Feeds

Consumer Panel recommends try before buy mobiles

Possible lifeline for not-spot dwellers

Best practices for enterprise data

Punters should be able to sign a mobile contract then revoke it if the coverage isn't up to scratch, according to recommendations from The Communications Consumer Panel.

The recommendation comes out of research that found 56 per cent of UK-mobile-phone users have experienced a lack of coverage, with a third having regular problems getting voice calls, let alone mobile broadband. However, the same research discovered that one per cent of mobile users "regularly" make video calls, so best not to take it too seriously.

The researchers asked 2000 people and 300 businesses about their mobile phone experiences and found that most of them had complaints of some sort (detailed pdfs available for consumers and businesses). The Panel reckons Ofcom has been so busy talking about mobile broadband that the regulator is neglecting basic voice services, which are actually more important to ordinary people.

Users complained to the Panel about dropped calls and simply finding themselves in spaces without any mobile coverage - 36 per cent of mobile users reckon they've been in a not-spot, with 18 per cent regularly wandering into radio voids.

Even allowing for the British predisposition towards complaining, those are damning figures - though the same questionnaire (pdf) discovered that five per cent of users make video calls on their phones, one per cent of them regularly. This hardly tallies with our experience, as we are yet to see anyone making a video call outside a technical demonstration.

The Communications Consumer Panel is appointed by Ofcom, but makes recommendations based on independent research from the customers' point of view. It is recommending that those buying a mobile phone should be allowed to take it home for a few days, after which they can return it for a full refund if the coverage isn't good enough.

The Panel also reckons that the legal issues around mobile telephony need clearing up. They point out that a ringtone paid for through a premium text is monitored by PhonepayPlus, while the same transaction completed by Credit Card falls outside their remit, which is unnecessarily confusing.

Ofcom did get praise for changing its coverage calculations: since August this year an operator has to provide signal in 90 per of a postcode to consider it covered, as opposed to the 75 per cent that was previously required. That drops England's 2G coverage to 99 per cent, Wales to 92 per cent, and leaves Scotland with only 89 per cent of postcodes covered, though even that leaves up to ten per cent of every postcode without coverage.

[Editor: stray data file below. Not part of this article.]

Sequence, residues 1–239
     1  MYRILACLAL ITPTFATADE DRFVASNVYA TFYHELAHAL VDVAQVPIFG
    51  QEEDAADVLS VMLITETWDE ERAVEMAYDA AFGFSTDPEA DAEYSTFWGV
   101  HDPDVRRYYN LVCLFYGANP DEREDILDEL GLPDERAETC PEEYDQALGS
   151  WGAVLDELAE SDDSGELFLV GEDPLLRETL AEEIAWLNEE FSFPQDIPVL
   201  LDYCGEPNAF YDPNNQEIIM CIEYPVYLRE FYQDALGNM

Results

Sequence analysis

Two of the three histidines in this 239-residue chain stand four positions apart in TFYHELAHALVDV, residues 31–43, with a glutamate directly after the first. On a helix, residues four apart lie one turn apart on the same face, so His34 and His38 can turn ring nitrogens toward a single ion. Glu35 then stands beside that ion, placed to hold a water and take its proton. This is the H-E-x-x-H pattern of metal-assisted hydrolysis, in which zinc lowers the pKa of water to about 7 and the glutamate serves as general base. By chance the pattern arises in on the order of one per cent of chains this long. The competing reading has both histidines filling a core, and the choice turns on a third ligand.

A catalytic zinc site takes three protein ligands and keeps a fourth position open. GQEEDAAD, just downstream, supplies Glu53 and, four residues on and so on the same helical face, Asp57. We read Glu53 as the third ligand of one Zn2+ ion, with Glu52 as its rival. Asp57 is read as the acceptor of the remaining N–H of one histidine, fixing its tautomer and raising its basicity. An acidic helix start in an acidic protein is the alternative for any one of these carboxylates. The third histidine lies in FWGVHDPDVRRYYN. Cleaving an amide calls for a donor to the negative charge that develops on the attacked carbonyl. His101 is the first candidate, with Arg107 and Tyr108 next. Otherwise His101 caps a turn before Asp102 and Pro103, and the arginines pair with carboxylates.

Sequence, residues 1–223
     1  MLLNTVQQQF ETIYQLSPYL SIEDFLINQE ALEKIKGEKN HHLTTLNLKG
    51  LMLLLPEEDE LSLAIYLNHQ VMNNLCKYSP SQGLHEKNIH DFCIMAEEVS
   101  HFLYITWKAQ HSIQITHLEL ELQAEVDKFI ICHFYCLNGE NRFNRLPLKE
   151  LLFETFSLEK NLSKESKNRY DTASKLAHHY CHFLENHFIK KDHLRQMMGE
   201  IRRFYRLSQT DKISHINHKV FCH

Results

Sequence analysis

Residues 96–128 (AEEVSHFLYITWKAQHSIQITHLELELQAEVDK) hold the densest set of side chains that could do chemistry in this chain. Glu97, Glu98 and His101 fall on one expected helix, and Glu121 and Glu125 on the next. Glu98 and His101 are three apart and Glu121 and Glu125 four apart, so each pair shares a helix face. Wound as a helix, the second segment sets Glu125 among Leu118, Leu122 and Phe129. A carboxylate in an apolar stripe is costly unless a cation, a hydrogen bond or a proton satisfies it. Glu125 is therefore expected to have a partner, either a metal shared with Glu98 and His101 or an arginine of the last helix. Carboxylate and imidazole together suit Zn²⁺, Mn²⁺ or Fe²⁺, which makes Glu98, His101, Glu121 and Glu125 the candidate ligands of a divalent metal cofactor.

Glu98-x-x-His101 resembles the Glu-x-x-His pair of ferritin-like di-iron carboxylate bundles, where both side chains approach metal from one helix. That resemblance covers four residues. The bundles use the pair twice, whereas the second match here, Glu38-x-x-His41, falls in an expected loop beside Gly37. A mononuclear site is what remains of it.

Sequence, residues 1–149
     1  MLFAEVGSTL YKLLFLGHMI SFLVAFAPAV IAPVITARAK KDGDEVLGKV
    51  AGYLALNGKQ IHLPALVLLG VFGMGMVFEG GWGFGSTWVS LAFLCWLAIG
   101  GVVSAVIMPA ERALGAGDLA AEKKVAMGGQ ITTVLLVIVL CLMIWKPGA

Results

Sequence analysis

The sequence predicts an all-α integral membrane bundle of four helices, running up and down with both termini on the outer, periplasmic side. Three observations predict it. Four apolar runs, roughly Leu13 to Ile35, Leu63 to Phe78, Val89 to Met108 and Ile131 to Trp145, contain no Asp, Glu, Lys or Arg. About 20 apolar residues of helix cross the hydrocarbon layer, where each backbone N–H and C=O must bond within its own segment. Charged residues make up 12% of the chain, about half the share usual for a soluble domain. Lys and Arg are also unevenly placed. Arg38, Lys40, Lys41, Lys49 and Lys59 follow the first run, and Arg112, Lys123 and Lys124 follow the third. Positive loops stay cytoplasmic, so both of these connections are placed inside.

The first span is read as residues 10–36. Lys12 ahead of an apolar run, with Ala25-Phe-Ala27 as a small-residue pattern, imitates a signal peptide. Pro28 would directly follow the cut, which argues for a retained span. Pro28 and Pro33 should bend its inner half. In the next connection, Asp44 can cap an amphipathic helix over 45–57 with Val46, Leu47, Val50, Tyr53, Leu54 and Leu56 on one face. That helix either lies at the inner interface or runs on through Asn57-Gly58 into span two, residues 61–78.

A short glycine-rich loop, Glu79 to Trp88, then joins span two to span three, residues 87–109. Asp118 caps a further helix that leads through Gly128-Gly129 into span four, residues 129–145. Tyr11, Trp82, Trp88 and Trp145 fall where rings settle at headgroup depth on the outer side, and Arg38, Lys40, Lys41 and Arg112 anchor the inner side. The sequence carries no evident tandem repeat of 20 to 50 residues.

Which is what prompts the recommendation that customers should be able to return handsets. But while the recommendation might seem eminently sensible, it is unlikely that Ofcom has the appetite for a significant contest of wills with the operators right now. ®

Recommendations for simplifying OS migration

More from The Register

next story
Trying to sell your house? It'd better have KILLER mobile coverage
More NB than transport links to next-gen buyers - study
iWallet: No BONKING PLEASE, we're Apple
BLE-ding iPhones, not NFC bonkers, will drive trend - marketeers
Auntie remains MYSTIFIED by that weekend BBC iPlayer and website outage
Still doing 'forensics' on the caching layer – Beeb digi wonk
Scotland's BIG question: Will independence cost me my broadband?
They can take our lives, but they'll never take our SPECTRUM
NBN Co adds apartments to FTTP rollout
Commercial trial locations to go live in September
Samsung Z Tizen OS mobe is post-phoned – this time for good?
Russian launch for Sammy's non-droid knocked back
Speak your brains on SIGNAL-FREE mobile comms
Readers chat to the pair who flog the tech
prev story

Whitepapers

7 Elements of Radically Simple OS Migration
Avoid the typical headaches of OS migration during your next project by learning about 7 elements of radically simple OS migration.
Implementing global e-invoicing with guaranteed legal certainty
Explaining the role local tax compliance plays in successful supply chain management and e-business and how leading global brands are addressing this.
Consolidation: The Foundation for IT Business Transformation
In this whitepaper learn how effective consolidation of IT and business resources can enable multiple, meaningful business benefits.
Solving today's distributed Big Data backup challenges
Enable IT efficiency and allow a firm to access and reuse corporate information for competitive advantage, ultimately changing business outcomes.
A new approach to endpoint data protection
What is the best way to ensure comprehensive visibility, management, and control of information on both company-owned and employee-owned devices?